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See US v. Microsoft Corp., 253 F.3d 34, 54-58 (D.C. Cir. 2001) (finding that Microsoft held monopoly power in the operating system mark for personal computers).

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circumvention in order to promote open competition and innovation among device manufacturers. The DMCA itself provides a hint on the traditional limitations of copyright holders to dictate design and technical engineering choices to player manufacturers. Section 1201(c)(3) plainly supports exemptions that allow for open competition: “Nothing in this section shall require that the design of, or design and selection of parts and components for, a consumer electronics, telecommunications, or computing product provide for a response to any particular technological measure, so long as such part or component, or the produce in which such part or component is integrated, does not otherwise fall within the prohibitions of subsection (a)(2) or (b)(1).” Traditional values that promote free and open competition are threatened by the DMCA’s ability to create monopolies. When innovators build new devices that are capable of a variety of functions, including playing entertainment, there should not be an assumption that the device is illegal, as copyright owners suggest during these proceedings. At one point in time, most people probably never imagined that clocks would also play music, but when someone was clever enough to build a nifty new device called the “clock/radio” there was no argument at that time as to whether the device was a violation of copyright law. And if someone is imaginative enough to build a new device that toasts your bread while it plays your DVD movies, there is no basis in law for assuming such a device is illegal today. Coincidentally, the same copyright owners who want such innovative devices deemed illegal are the same companies who license the manufacture and sale of competing DVD players. Conclusion Media giants misuse technological controls and the anti-circumvention laws to force a widened scope and duration to their rights. The Copyright Office can begin to correct this imbalance by recommending exemptions that restore traditional consumer freedoms. The legal principles behind antitrust law, property law, and copyright law, particularly copyright misuse, all support issuing exemptions that curtail copyright holders’ over-reaching controls. Because of the important constitutional and legal principles at stake in these proceedings, IP Justice encourages the Copyright Office to adopt a principle-based approach in its determination as to whether exemptions should be created to the DMCA’s general ban on circumvention. Specifically, we encourage the Office to recommend exemptions that would permit individuals to circumvent the excessive controls on their DVDs, CDs, and Ebooks in order to make lawful use of their media collections.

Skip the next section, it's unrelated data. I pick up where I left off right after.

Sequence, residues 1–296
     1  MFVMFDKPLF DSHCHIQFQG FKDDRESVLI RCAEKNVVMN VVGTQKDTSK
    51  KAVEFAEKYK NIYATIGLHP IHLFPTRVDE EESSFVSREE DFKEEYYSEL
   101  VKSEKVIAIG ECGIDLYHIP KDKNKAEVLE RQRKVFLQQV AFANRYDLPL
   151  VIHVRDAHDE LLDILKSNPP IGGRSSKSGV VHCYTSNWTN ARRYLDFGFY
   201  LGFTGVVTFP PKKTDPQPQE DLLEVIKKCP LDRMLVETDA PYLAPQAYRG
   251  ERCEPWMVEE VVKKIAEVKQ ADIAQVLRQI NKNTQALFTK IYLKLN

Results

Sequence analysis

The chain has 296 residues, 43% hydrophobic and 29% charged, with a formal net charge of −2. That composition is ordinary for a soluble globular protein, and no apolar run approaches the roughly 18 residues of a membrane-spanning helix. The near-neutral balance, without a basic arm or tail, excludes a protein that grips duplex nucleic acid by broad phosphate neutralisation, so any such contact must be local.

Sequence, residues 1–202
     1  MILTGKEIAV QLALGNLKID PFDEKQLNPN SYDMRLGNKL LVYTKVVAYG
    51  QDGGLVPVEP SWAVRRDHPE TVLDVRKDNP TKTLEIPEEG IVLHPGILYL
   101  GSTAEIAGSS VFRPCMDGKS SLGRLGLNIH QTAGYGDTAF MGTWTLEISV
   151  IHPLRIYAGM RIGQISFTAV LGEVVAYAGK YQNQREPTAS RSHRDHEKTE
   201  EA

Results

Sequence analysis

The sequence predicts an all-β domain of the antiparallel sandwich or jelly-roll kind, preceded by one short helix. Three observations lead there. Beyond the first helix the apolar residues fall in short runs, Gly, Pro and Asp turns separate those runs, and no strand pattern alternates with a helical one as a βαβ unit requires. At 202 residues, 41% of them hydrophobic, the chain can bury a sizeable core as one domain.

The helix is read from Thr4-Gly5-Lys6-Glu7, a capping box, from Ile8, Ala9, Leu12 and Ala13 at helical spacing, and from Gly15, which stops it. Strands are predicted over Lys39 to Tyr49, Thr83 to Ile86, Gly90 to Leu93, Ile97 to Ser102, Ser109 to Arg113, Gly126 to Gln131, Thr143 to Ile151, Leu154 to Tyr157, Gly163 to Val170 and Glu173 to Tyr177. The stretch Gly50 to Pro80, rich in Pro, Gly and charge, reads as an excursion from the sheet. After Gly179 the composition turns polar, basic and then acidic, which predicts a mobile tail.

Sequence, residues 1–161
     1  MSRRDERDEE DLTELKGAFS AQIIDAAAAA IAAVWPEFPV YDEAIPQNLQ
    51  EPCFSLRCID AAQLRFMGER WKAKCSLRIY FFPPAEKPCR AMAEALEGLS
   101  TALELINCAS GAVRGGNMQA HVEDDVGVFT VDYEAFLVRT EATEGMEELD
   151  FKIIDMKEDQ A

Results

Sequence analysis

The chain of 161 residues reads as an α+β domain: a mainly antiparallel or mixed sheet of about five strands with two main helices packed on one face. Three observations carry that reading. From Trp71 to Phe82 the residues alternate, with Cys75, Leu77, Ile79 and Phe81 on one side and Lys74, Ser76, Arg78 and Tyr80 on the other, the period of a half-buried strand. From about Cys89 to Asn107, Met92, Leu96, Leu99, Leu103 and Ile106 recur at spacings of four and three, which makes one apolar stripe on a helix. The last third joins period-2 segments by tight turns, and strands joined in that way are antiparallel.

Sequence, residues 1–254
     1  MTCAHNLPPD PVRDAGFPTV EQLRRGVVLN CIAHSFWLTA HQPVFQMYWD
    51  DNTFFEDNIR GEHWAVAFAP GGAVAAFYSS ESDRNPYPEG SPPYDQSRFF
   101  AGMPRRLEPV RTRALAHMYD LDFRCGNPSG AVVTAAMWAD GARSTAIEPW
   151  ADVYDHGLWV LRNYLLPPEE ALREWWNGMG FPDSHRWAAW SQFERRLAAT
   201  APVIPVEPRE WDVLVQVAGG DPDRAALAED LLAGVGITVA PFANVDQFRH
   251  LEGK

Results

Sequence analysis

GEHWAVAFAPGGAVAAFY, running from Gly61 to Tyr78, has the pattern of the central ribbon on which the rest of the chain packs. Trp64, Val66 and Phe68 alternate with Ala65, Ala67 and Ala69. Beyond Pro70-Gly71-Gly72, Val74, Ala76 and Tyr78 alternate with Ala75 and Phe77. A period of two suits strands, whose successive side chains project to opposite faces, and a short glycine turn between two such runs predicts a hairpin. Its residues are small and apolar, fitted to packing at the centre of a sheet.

Thank you, Robin D. Gross, Esq. IP Justice Executive Director